Japanese publishers censure Apple over App Store copyright violationsA consortium of Japanese publishers rebuked Apple on Tuesday for approving App Store apps that violate the copyrights of several famous Japanese authors.
The Japan Book Publishers Association, the Japan Magazine Publishers Association, The Electronic Book Publishers Association of Japan, and Digital Comic Association issued a joint press release Tuesday condemning Apples distribution of infringing content as illegal, The Wall Street Journal reports. The consortium said works by well-known Japanese authors Haruki Marakami and Keigo Higashino had been illegally scanned and then distributed via the App Store.
The associations we represent believe that Apple bears grave responsibility for this problem, the statement read. According to the consortium, Apple's excuse that it is unable to check for copyrighted material during the App review process is "a wholly unconvincing explanation."
Apple's policy of removing pirated material when notified by a copyright holder mirrors Google's policy with YouTube videos. Viacom is suing Google for more than $1 billion over unauthorized copyrighted material posted to YouTube, the report noted. Google has defended itself by asserting that it obeys the law by removing offending material when notified, while Viacom argues that it should not have to monitor the site and send notices for infringing material.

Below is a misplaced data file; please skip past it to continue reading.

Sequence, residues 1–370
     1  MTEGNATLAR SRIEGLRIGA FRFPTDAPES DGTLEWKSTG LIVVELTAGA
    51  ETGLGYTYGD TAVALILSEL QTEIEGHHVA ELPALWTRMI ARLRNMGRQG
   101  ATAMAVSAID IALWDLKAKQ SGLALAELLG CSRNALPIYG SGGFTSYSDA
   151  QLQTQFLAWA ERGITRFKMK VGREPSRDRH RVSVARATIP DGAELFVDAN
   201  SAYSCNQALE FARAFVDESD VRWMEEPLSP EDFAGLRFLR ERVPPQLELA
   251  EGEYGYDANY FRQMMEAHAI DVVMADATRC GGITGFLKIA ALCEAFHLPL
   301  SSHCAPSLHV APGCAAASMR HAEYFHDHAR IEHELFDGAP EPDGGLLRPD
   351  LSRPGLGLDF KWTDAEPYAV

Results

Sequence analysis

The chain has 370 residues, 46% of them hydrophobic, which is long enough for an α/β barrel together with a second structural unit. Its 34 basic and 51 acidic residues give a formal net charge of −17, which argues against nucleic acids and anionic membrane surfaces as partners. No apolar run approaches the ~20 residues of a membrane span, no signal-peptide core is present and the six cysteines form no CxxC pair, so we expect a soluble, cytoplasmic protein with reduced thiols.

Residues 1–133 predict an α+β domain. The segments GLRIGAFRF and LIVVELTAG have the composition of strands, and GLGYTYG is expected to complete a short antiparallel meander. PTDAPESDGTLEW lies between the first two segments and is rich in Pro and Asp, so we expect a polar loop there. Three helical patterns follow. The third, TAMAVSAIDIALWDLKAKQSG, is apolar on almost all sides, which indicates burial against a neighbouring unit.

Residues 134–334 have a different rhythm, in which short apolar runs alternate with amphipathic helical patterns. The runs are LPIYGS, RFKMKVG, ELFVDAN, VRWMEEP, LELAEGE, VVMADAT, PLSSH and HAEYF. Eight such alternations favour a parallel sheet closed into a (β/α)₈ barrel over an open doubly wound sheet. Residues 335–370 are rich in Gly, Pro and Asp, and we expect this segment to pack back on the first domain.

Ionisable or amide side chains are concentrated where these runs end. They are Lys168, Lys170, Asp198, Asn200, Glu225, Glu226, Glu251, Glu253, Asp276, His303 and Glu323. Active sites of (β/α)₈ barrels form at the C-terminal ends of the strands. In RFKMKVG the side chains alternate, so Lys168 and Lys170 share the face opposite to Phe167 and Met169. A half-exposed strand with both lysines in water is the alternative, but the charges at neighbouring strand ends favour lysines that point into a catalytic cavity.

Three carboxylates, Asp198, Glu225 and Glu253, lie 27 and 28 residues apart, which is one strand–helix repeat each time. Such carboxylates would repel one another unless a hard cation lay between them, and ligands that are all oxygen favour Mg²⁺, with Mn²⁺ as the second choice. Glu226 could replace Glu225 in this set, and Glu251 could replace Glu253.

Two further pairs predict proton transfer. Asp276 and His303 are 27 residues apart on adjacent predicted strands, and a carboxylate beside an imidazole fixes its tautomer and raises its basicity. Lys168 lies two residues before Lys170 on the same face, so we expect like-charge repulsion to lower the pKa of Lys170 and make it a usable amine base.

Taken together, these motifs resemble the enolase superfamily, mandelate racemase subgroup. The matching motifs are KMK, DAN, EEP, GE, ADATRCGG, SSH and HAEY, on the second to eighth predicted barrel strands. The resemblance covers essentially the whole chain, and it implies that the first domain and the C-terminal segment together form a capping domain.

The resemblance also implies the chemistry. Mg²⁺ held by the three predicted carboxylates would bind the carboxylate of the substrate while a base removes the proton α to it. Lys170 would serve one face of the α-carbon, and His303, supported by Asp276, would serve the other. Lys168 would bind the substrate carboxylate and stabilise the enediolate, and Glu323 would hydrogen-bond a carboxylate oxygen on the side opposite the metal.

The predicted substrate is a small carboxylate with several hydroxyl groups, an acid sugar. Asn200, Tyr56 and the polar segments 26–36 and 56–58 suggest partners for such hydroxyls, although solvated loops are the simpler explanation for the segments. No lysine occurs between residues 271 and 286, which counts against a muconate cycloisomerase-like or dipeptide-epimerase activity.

The group of publishers is willing to give Apple a chance. In its press release, it asked to meet with Apple Japan to discuss how to address the problems. However, should Apple ignore the request, it will further provoke the ire of the publishers. A failure to respond will be regarded as a lack of will on your part to take measures in a sincere manner, the consortium warned.
As a foreign company facing off against local companies in the arena of digital distribution, Apple's efforts have been met with resistance. Tokyo-based conglomerate Sony inked several deals with newspapers and publishers for its e-reader content platform just prior to the iPad's launch there in May.
However, as the popularity of Apple's devices continues to grow in Japan, publishers have begun to take notice. The iPad got off to a "frenzied" start in Japan, with buyers camping out for days to purchase the device. The iPhone is dominating the Japanese smartphone market, while the iPod has seen continued success in the country.
Apple will increase the stakes for the Japan App Store early next year when it brings iAd to the country with the help of local partner The Dentsu Group.
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